Dry Spirulina from Morocco A friend of mine decided to start taking spirulina (yeahh, congrats Louise!) but she’s not too sure where to buy spirulina, which one to buy spirulina and how much to take . There is so much spirulina out there, so many different forms, different origins, different dosages… it gets confusing.

This is not the first friend asking me to guide them on their first steps in their spirulina journey so I decided to write this article for people who are know to spirulina and wonder where to buy spirulina and which one to buy! If you wonder if you should buy ORGANIC spirulina, head over this page.

Different type of spirulina




First you will find different forms of spirulina on the market:

  • fresh,
  • powder,
  • tablets,
  • capsules,
  • crunchies,
  • spaghetti
  • flakes
  • and of course incorporated in many dishes.

Pressed spirulina FRESHThe best spirulina is the FRESH spirulina. It’s a little bit like comparing fresh strawberries and dry strawberries, which one do you like better? The fresh spirulina is a watery paste that is almost neutral in flavor and smell. The texture of the fresh spirulina is somewhere between tofu and cream cheese.





Fresh is the BEST spirulina you can give to your body as it is strait out of the water, live, raw spirulina with the highest level of anti-oxidant, enzymes, pigments, proteins, etc.

The problem is that fresh spirulina has a shelf live of only a couple of days. This is why you can’t find it in the shops,  you either have to live close to a spirulina grower or you have to grow it your self!

The different form of dried spirulina is usually not very important. It’s really a question of taste. Some like the powder form because it’s easier to incorporate to recipes other like crunchies better because you can sprinkle it and the taste is not as powerful. So give yourself sometime to try out different forms and make your decision based on your own taste.

Drying spirulina…

Dry spirulina as a taste much more pronounced that the fresh spirulina but is still light. People usually finds that it has a nutty flavor.

One important factor to consider when buy spirulina is to know how it was dried. Why? Because heat will actually denature the enzymes, proteins and other good stuffs (like the pigments) in spirulina. You can usually find low temperature dried spirulina in different forms like crunchies, spaghetti or flakes (see the pictures). Head to the producer website and look for that info. If you can’t find where the spirulina was produced I would recommend to avoid that braand! Lower quality (and cheaper) spirulina can try to hide their origin as some countries do not have the highest standard in production you want. Most of the time, production in China do not have the same standard that we can find in the Western production facilities. US, India, Costa Rica produce very good quality spirulina. If you are not sure about the spirulina you can find in your local shop, try to google them.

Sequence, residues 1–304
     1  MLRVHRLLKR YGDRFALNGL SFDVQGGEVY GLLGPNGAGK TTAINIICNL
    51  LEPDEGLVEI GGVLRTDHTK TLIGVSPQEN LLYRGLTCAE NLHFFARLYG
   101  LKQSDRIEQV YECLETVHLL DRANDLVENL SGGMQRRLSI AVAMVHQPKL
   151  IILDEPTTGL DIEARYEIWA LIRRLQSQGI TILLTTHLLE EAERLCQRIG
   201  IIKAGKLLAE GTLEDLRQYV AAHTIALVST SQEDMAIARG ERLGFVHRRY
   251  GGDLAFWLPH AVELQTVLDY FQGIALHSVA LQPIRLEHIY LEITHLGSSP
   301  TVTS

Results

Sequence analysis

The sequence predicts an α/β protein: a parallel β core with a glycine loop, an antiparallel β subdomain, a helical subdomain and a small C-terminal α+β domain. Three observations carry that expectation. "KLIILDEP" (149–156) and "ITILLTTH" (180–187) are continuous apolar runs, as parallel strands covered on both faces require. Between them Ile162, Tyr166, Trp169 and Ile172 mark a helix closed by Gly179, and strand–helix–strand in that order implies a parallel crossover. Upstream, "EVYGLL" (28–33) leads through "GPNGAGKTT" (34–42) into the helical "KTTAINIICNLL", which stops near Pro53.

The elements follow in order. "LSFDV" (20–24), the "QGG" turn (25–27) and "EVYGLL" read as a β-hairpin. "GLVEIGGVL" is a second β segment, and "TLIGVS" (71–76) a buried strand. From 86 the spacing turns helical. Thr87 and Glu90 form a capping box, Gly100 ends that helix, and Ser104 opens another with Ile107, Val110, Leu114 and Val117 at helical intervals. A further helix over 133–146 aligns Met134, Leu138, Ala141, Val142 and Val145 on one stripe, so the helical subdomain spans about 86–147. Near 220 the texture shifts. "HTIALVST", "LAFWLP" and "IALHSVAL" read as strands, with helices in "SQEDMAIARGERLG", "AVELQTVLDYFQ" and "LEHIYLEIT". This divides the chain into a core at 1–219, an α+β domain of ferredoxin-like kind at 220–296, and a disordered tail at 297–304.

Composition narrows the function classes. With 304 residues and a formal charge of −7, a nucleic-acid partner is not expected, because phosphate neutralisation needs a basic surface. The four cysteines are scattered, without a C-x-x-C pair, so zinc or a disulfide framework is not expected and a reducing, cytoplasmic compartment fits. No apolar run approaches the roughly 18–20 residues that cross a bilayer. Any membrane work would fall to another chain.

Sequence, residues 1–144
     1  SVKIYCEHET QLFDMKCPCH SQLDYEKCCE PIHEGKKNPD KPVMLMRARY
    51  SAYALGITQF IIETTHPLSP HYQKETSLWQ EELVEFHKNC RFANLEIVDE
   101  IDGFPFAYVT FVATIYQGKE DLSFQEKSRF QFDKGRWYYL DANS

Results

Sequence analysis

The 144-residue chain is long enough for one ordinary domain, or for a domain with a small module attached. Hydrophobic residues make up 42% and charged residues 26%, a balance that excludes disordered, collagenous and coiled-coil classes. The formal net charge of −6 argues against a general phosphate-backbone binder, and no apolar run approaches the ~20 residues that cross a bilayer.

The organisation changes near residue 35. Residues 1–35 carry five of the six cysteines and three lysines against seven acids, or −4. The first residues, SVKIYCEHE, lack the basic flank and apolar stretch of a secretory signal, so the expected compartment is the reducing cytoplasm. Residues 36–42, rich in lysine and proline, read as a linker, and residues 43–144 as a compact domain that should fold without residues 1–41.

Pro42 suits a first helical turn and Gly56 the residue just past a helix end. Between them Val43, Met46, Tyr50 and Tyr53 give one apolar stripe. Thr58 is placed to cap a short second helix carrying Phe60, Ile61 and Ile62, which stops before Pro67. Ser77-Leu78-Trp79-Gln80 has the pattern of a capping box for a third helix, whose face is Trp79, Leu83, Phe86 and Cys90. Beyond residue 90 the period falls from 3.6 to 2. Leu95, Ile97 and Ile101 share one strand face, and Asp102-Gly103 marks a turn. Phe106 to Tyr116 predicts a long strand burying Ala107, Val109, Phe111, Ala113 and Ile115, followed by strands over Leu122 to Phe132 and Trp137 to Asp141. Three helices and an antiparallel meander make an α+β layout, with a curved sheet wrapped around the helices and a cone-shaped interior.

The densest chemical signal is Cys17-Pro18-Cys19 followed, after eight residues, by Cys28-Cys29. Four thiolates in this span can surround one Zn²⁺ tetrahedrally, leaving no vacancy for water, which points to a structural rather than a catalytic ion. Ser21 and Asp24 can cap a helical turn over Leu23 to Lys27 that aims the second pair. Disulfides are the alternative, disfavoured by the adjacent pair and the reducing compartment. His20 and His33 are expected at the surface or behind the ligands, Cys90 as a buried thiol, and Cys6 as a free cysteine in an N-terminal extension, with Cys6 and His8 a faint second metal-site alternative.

How much spirulina should I take?

One important fact to know about spirulina is that it will detoxify your body.

How? By binding all the toxins in your body and eliminate them through your kidneys by urination. This means that if you’ve been exposed to a lot of toxins (and you’ll be surprised sometimes how much toxins our bodies can accumulates!) and if you start a full dose of spirulina, your body might overreact. You’ll feel nauseous, you might sweat a lot and maybe even have some fever.

This means that your body is overwhelmed by the work it has to do to get rid of the toxins. So the best is to start slowly.

It’s recommended to increase gradually the dosage and to build up to 10g.

The recommended introductory period is as follow:

Day 1: 1 gr
Day 2: 2 gr
Day 3: 3 gr
Day 4: 4 gr
Day 5: 5 gr
Day 6: 6 gr
Day 7: 7 gr
Day 8: 8 gr
Day 9: 9 gr
Day 10: 10 gr

As always, listen to your body. Not everybody reacts the same way. If you started slowly and it doesn’t feel right, STOP.

Spirulina Side Effects

There are no known interactions with herbs and supplements.

Persons with the rare metabolic condition called phenylketonuria (PKU) (inability to metabolize the amino acid phenylalanine) should not take spirulina. Spirulina is rich in all amino acids, including phenylalanine. Persons with hemochromatosis (iron overload disease) should avoid taking spirulina as it is rich in iron (and Vit B12).

Head to this page for more information about spirulina side effects

I hope this helps. Let us know if you have any additional questions

 

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